The other major event of the weekend was a visit to my favorite house of all time. An abandoned mansion in Astoria with a long and confusing history. With the help of my dear friends, the obsession has grown in to full on research. Which in turn has fueled my curiosity further considering how public the family was and how little information we can find. Hopefully a trip to the historical society will cure to curiosity.

 The house is located on 15th and Franklin Ave in Astoria, it house three generations of the Flavel family, Astoria's first millionaire family. In fact, the family settled in Astoria before Oregon was even a state. This particular house was built for the son of Captain George Flavel in 1901. The current owner is on the run for various things, but currently back taxes and a good deal of money owned to some other families in town. So the house sits and rots into the ground. While nearly the entire town waits for it to go up for auction so it can be restored.

{Maid's Room, top story dormer}

{Under the Eves}

{siding with no paint}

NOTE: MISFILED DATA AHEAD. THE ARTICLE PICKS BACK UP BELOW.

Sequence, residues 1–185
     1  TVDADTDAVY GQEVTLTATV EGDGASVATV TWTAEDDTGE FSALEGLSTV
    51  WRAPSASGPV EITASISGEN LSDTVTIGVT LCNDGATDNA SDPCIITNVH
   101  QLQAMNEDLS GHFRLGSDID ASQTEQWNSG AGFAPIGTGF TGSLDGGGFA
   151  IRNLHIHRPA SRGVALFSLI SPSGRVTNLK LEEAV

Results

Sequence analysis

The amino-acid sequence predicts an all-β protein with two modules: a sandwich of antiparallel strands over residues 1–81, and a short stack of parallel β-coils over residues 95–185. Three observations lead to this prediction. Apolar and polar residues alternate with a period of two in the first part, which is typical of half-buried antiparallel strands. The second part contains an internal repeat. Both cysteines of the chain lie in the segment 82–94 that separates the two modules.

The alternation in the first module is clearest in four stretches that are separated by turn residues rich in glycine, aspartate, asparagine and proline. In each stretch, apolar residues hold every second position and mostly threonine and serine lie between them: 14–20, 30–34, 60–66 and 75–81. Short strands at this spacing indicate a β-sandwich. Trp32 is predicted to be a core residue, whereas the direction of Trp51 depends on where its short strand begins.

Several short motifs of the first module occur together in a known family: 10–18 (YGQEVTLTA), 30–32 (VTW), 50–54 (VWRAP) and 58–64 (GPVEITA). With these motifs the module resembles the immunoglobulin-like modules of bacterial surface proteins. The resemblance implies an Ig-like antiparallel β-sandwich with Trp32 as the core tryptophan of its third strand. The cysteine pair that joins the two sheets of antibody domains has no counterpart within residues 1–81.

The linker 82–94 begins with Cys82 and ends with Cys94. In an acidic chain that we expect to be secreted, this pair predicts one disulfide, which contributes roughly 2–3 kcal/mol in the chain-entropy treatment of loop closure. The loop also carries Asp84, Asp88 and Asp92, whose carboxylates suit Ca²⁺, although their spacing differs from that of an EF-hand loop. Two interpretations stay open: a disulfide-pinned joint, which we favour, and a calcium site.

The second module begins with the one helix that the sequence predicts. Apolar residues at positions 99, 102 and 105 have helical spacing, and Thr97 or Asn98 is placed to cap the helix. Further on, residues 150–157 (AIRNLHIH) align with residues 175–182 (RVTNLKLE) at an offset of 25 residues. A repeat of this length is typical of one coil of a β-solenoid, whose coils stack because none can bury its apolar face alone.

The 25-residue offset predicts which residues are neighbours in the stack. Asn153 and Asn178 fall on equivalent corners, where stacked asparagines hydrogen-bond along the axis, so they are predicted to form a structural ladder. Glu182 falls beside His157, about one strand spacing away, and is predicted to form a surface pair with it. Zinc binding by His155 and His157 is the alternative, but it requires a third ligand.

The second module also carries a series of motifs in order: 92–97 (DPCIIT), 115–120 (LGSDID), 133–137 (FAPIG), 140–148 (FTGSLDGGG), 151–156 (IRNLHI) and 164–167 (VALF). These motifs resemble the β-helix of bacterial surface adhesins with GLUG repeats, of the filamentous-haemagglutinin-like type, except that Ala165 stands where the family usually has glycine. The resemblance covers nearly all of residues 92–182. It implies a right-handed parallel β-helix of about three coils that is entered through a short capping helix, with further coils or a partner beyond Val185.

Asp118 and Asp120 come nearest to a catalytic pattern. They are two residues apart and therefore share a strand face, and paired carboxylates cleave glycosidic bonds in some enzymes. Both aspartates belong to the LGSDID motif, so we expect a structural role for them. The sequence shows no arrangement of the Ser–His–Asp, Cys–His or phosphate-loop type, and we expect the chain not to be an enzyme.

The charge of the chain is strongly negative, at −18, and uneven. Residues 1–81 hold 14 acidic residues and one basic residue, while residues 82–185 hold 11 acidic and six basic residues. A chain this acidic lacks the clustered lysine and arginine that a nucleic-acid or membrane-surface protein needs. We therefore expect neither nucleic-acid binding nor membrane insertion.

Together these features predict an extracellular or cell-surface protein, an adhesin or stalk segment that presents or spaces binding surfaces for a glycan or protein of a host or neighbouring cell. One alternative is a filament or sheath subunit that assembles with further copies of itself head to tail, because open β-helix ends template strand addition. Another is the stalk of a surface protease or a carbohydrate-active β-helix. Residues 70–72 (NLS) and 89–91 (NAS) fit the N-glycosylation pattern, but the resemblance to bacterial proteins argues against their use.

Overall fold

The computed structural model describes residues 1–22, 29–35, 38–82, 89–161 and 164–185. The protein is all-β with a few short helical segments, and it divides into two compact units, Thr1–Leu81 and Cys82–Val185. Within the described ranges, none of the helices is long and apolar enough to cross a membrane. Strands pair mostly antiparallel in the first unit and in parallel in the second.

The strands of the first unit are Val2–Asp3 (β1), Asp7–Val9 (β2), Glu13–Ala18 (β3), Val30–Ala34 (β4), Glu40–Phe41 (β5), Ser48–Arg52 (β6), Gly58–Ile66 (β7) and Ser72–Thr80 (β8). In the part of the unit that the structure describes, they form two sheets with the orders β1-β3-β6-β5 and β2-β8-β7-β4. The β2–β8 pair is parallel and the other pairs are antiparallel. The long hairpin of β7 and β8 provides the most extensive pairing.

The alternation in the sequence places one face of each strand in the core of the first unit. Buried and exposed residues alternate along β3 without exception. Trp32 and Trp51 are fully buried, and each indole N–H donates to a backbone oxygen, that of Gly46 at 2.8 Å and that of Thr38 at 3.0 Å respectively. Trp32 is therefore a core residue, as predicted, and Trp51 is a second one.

{front entrance glass}

In going through my pictures, I realize and cannot believe I have never gotten a picture of the full house. This particular picture was taken by a woman who lives in Astoria and is equally enthralled by the house. The owners of the house a brother and sister by the names of  Harry and Mary Louise Flavel. Harry was charged with assault in 1983 and which time the pair abandoned the house so he could evade jail time. When Harry died last May rumors swirled that Mary Louise had returned to the house. The black bunting appeared on the railing but the house appears to remain uninhabited.

Back to my regularly schedualed day. Comming soon....some information about soaps and why a person should take great care in selecting body products.

Monday, August 29, 2011

Going New Places, Completely By Accident

In life there are often those things that you should do, and then the things you do instead. This weekend I did the instead. I should have been studying for the GRE, doing dishes, laundry, bathing my dog, mowing the lawn, cleaning out the basement, grocery shopping and finishing up my grad school application. Instead, I drove out of town with a friend and went on an adventure.

{Columbia Hills State Park}

{Protected Grasses and a Lone Tree}

The original plan was to check out the petroglyphs along the Columbia River. But thanks to some slightly off googlemap directions we wound up in the middle of the Columbia Hills State Park. The river side part of the park was originally a Native American Village, a site which Lewis and Clark camped at during their expedition west.